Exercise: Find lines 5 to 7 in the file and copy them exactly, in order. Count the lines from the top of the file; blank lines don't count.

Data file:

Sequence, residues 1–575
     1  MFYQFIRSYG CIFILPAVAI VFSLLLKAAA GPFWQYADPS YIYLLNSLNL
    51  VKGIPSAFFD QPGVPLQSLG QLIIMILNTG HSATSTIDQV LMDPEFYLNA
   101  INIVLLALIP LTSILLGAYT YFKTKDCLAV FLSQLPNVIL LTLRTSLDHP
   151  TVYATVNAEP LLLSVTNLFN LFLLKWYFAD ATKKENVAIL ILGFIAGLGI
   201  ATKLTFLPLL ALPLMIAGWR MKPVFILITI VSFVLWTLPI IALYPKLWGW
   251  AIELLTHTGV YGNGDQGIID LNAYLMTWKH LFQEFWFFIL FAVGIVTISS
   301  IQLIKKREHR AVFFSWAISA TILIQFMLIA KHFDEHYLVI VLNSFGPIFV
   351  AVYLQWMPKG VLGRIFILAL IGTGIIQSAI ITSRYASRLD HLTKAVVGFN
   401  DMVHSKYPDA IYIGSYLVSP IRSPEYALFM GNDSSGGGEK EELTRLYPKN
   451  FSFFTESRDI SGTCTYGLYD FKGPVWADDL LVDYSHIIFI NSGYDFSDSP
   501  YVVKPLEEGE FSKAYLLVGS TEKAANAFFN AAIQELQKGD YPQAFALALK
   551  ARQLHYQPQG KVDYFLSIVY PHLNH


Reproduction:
   151  TVYATVNAEP LLLSVTNLFN LFLLKWYFAD ATKKENVAIL ILGFIAGLGI
   201  ATKLTFLPLL ALPLMIAGWR MKPVFILITI VSFVLWTLPI IALYPKLWGW
   251  AIELLTHTGV YGNGDQGIID LNAYLMTWKH LFQEFWFFIL FAVGIVTISS